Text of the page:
Palace tells U2’s Bono: We continue to uphold human rights in PH
— Nestor A. Corrales (@NCorralesINQ) December 11, 2019
MANILA, Philippines — The Philippine government continues to uphold human rights despite criticisms of widespread violations committed by President Rodrigo Duterte, Malacañang said Wednesday.
Communications Secretary Martin Andanar issued the statement as U2’s frontman Bono, who is in the country for the Irish rock band’s first-ever concert, earlier sent a “soft message” to Duterte that human rights cannot be compromised.
“He has his beliefs. We agree (on) the fact that human rights should be upheld. That’s a policy of the government that we should protect every person. Human rights is sacred,” he said in a speech in Malacañang.
“The government agrees that we have to uphold human rights. After all, we believe in the rights of every Filipino,” he added.
The Palace official then reiterated the government’s stance that there are no extrajudicial killings in the Philippines.
“Like we always argue, there is no extrajudicial killings in the country. This is not state-sponsored and it is not a policy of the government,” he said.
Duterte has received international condemnation for the thousands of killings in his brutal war on drugs allegedly due to police abuses.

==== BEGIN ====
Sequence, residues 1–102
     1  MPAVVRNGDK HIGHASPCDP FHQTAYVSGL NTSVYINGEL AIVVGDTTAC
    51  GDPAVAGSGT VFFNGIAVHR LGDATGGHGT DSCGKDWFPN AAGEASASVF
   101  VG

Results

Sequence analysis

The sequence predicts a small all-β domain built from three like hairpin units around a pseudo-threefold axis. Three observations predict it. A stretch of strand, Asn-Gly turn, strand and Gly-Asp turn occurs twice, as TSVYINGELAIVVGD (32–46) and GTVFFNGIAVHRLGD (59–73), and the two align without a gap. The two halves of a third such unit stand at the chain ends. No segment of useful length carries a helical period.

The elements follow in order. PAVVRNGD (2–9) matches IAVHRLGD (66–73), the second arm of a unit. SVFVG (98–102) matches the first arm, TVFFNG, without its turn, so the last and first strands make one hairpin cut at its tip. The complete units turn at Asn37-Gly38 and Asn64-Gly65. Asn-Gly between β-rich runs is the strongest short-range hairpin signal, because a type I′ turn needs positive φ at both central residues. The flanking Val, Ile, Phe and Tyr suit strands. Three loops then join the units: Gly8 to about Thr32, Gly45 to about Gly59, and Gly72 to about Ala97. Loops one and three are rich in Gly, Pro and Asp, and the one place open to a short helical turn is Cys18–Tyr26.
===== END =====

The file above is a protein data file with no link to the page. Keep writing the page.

“We have some police scalawags but we have addressed this [issue],” Andanar stressed.
Human rights, according to Andanar, “encompasses everything” such that it also includes health care and economic matters.
Thus, he cited that poverty incidence in the country went down from 23 percent to 16 percent, adding that “we have emancipated 5.9 million Filipinos out of poverty.”
“He (Duterte) is precisely protecting their human right to a better economic future or human right to having financial freedom,” Andanar noted.
He further cited the Universal Health Care Law, signed by Duterte in February this year, that gives Filipinos “equal access” to medical care.
He likewise noted the creation of the Presidential Task Force on Media Security (PTFoMS) “to protect the journalists” and “to protect press freedom.”
Asked about the government’s message to Bono, he said, “Bono is an idol. But I just want him to rock the stadium at the Philippine Arena tonight.”
“There are so many Filipinos watching. We have been waiting for U2, for Bono, for The Edge, Larry Mullen. More than a decade actually, we have been waiting for U2 to be here and finally, they are here in the Philippines during the term of President Duterte,” he said.
Edited by KGA
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